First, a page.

It was only a matter of time before the 12-inch iPad Pro spawned a smaller sibling, and the new 9.7-inch iPad Pro is that tablet. Revealed this morning at Apple's Cupertino HQ, the new iPad Pro takes the boosted performance of the larger model but distills it into what the company says is still the most popular screen size.
In fact, it's enough to make you throw your iPad Air 2 into the trash, or at the very least donate it to a parent or less tech-savvy sibling. It won't be a cheap upgrade, mind: the iPad Pro 9.7 starts out at $599 for 32GB of storage and WiFi only, but if you want the new 256GB version that'll set you back a hefty $899.
That might be a real demand if, like Apple claims, the iPad Pro's big customer acquisition is ex-Windows users. That throws us head-first back into the "is it a tablet or is it a computer?" argument but whichever side you sit on, you're getting impressive hardware.
It's almost astonishing that Apple managed to squeeze everything from the 12-inch model into this new version. The result is a slate which feels a lot more manageable - and far less like you're trying to wield a placemat.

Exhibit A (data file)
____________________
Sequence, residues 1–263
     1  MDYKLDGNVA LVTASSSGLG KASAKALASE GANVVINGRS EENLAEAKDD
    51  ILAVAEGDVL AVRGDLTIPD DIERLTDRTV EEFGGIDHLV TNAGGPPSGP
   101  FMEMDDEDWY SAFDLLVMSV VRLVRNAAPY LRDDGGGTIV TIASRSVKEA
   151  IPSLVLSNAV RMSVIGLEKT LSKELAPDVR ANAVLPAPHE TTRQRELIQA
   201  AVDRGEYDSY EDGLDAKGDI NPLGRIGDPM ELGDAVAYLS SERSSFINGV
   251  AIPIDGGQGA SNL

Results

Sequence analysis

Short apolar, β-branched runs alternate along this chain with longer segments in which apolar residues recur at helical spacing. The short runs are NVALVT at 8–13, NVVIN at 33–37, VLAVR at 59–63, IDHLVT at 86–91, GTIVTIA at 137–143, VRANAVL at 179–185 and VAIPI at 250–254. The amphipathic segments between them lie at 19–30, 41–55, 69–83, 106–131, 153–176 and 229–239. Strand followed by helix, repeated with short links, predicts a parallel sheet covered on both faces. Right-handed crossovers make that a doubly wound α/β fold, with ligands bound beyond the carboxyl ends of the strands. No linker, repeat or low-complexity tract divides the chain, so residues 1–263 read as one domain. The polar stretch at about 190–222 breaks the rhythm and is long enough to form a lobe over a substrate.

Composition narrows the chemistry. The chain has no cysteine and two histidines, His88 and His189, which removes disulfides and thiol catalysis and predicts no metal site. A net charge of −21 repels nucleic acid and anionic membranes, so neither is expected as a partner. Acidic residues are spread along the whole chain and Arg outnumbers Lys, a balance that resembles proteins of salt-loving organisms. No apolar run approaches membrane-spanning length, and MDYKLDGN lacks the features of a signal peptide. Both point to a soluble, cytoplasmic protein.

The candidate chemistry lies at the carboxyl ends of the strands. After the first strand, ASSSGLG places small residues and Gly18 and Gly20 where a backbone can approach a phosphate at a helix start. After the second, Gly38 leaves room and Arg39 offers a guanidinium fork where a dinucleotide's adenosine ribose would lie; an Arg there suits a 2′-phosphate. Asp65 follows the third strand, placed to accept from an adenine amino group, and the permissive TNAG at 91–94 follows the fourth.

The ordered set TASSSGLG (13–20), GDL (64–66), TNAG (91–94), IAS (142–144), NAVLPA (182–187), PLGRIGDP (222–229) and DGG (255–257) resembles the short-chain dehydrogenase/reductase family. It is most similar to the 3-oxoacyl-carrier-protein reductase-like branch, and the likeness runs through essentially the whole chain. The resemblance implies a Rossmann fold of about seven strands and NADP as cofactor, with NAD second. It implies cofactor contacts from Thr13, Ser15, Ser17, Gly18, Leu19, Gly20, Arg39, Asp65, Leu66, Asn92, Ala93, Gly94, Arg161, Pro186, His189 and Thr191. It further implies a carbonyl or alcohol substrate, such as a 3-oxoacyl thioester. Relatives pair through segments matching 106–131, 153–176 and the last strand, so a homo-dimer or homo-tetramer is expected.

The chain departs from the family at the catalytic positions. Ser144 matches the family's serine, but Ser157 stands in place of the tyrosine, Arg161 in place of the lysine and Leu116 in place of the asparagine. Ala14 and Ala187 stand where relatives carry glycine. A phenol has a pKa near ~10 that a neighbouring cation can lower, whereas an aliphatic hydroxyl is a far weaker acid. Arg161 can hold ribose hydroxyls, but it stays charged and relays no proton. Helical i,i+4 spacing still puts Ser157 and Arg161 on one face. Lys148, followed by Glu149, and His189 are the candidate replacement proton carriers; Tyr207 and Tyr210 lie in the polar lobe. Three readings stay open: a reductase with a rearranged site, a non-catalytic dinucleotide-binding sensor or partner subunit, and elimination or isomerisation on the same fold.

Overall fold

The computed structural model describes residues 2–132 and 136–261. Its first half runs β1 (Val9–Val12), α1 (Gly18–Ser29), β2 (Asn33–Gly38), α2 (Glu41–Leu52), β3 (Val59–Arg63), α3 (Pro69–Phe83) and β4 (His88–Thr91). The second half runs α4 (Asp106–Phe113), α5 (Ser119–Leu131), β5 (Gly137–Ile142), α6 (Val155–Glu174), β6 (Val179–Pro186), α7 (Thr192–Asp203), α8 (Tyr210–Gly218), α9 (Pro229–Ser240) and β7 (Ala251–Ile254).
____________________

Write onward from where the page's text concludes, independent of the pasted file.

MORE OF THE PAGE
For digital artists I can definitely see why the 12-inch screen makes sense. For the rest of us, though, 9.7-inches is a sweet-spot for a good reason. It's neither too large to be hard to manage, nor too small to be cramped.
Apple Pencil continues to make for a charming experience, and while Apple certainly didn't invent the digital stylus, it's doing a damn good job of polishing and refining it. Palm-rejection didn't appear to be a problem during my brief play, and it gets all the pressure and tilt sensitivity from the existing, larger model.
You may very well struggle to get it out of the hands of your kids should you let them play. At least with the bigger iPad Pro it was heavy enough to slow them down when they tried to run off with it.
I'm still not a fan of people taking photos with their tablets, but if you feel differently you'll be pleased to find a 12-megapixel camera on the back now. The four speakers still do their auto-rotating depending on the orientation of the slate, and while I'll have to wait for some extended time in different lighting to see how well the adaptive display holds up, it's certainly a welcome sign that Apple is thinking about the details of the experience, not just tablets in broad strokes.
That's important, because tablet sales - across the board, not just at Apple, though for many iPad does equal tablet - are in a slump and people are proving difficult to coax into an upgrade. Really, the iPad Pro 9.7 is about taking the iPad Air 2 form factor and supercharging its guts, and hopefully encouraging a wider wallet in return. On that front, it's undoubtedly the best all-round iPad you can buy, but only time will tell if it can turn around tablet sales for Apple.